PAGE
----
I heard the same statement made on HNIC and was struck by how flippant and trite the statement seemed. It seemed as though it was delivered from an obligatory notion of courtesy. As such it was troubling. I found the statement an explicit neutralization strategy. In effect it was a way for HNIC to give polite sympathy to those who were suffering in the face of the gluttonous hedonism of a professional hockey telecast. How can you compensate for selecting Fan Fav’s and making your own MashUp when people are facing these devastating losses? And in the event that a hockey game provides one of these families with enough distraction to alleviate their pain momentarily it would seem completely hollow to remind them so flippantly of their tragedy. Don Cherry’s, “God Love Ya!” seems more and more awkward and obligatory as the conflict in Afghanistan continues. At least takes a little more time to intone his sentiments but they seem shallow even though he actually addresses God.
I’m not sure that I completely follow your argument about prayer and its connection to hope. I would guess that it would be difficult to access the motivation of people who pray. I would also wonder if the simplicity of the prayers you refer to necessarily reveal the greater role of hope.
“Gluttonous hedonism of a professional hockey telecast?” Dale, I’m shocked. How very un-Canadian of you! I actually think HNIC should just worry about the hockey game and leave the religion and politics out of things. Cherry embarrasses himself more and more every week, and even the humour of watching CBC walk the tightrope between their commitment to political correctness and Cherry’s lunacy is getting old…
Re: the connection between prayer and hope, I don’t really understand what you’re reacting against. Do you think that there is no connection between the two? I wasn’t saying that there was a causal connection between simple prayers and a greater role for hope. I just think that in many cases these are guys that have reached the end of their own resources and they know that they need help from somewhere else.
It’s hard to be overly critical of prisoner’s prayers. Far be it from me to judge the real motivation that lies behind their calls for help from God. I’m just not sure whether it is possible to attribute any more nuanced recognition of hope (or need of God) in their prayers than those of the announcers unless you do draw some causal ties. And there really is no point debating the issue of sincerity on the part of the prisoners since we are unable to access that in any meaningful way.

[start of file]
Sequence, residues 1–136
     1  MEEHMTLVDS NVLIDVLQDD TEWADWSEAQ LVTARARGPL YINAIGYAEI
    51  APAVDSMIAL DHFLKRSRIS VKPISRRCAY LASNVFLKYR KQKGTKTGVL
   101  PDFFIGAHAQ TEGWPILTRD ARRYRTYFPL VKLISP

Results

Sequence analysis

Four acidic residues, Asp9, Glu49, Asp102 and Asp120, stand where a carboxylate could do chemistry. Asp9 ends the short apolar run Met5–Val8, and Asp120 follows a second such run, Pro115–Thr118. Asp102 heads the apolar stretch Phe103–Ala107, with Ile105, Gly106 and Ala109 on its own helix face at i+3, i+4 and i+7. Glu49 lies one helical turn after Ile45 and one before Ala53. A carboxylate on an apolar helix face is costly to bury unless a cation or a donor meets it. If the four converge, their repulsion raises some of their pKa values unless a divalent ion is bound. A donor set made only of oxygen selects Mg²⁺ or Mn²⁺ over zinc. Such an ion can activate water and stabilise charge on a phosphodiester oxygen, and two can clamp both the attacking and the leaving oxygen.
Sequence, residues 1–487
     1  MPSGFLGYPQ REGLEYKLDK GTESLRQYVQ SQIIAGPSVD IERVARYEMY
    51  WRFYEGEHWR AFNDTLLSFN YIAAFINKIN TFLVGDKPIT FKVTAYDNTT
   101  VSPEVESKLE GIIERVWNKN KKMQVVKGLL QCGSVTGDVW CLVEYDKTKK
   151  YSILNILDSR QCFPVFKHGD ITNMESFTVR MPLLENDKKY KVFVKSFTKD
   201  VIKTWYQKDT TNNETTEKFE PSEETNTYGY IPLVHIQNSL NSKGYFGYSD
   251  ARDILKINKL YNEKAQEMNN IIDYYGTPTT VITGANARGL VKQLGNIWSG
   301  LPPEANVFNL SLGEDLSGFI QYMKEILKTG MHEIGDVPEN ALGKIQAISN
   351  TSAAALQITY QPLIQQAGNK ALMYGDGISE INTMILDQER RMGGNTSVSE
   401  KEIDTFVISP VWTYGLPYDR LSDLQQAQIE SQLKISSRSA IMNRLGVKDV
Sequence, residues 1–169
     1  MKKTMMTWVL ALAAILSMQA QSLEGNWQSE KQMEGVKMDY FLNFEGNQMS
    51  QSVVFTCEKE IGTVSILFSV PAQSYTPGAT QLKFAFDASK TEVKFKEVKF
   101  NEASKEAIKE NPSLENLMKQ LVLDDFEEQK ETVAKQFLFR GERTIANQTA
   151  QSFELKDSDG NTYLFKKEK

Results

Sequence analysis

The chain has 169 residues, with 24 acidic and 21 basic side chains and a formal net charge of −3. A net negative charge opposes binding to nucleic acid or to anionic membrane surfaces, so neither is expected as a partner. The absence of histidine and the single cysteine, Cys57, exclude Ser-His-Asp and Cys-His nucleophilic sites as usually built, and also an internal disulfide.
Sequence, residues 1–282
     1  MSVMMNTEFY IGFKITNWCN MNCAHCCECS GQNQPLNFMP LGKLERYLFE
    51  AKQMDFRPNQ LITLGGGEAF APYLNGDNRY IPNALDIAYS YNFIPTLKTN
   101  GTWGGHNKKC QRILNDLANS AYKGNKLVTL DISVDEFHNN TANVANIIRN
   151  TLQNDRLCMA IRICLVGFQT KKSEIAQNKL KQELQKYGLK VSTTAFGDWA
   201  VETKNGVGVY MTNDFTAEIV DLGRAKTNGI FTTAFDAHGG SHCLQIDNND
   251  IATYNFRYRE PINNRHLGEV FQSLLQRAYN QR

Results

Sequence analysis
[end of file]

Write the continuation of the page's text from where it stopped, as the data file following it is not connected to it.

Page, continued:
In the same way it is impossible to access the sincerity of the broadcasters’ statements even though the context of their words and their delivery leaves us highly sceptical.
You have accurately drawn the parallel between the broadcasted words and the ones spoken in the prison chapel as functionally similar. I’m just no sure how the contrasts that you draw out are supported without making judgements about the sincerity of the speakers.
Hope seems to keep people going through the darkest of times so perhaps hope cannot be measured in words but in actions.
Prayer as an expression of hope seems more like a crafty version of the magician’s incantation “hokus pokus”! Prayer seems to me to be about self orientation to the divine agenda. I suppose that means that prayer should be less about declarations and petitions more reflexive. Discussion for another time…
How do we reconcile prayer as request to an omnipotent, loving God, should we have to ask? Does God wait for some arbitrary prerequisite number of prayers of the faithful before he answers? Does God need to be awoken and reminded that we need help? Is God some adoration hound and he waits to respond to us until we have fulfilled his requirement? I think the answer to each of these questions is “no”. Prayers of supplication are one of the great mysteries of our faith. Clearly we are to ask them, “Give us this day our daily bread.” So how do they work? One of the most mysterious parts of the bible to me is the point where Jesus prays to God in Gesthemane asking to have his “cup” removed. God says “no.” What does it mean when God denies a request from himself? I like what C.S. Lewis had to say on the subject.